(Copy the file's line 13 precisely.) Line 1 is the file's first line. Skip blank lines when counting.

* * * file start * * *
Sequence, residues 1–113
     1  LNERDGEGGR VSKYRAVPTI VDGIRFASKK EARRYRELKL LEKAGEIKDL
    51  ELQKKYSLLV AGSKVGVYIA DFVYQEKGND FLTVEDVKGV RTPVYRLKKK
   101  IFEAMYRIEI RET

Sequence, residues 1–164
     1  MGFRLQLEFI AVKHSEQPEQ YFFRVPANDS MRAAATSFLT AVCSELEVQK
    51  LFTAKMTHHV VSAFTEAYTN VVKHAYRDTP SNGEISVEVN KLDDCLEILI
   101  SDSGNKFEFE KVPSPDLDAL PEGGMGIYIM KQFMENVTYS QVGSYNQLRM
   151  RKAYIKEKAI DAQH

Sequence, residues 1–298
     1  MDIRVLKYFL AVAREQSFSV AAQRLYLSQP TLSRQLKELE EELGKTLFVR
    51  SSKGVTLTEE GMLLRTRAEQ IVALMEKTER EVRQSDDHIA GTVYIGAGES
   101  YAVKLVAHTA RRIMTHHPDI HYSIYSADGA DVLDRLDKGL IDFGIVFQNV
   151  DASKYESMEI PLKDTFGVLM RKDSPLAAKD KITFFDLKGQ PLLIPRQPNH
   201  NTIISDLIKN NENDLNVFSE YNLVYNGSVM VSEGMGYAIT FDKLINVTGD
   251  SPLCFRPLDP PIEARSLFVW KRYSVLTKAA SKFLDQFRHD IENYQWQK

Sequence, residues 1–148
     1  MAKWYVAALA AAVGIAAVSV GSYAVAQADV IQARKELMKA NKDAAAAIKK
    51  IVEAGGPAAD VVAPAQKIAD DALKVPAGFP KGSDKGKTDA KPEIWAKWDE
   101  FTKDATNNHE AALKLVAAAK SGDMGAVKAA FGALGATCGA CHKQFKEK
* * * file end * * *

   101  YAVKLVAHTA RRIMTHHPDI HYSIYSADGA DVLDRLDKGL IDFGIVFQNV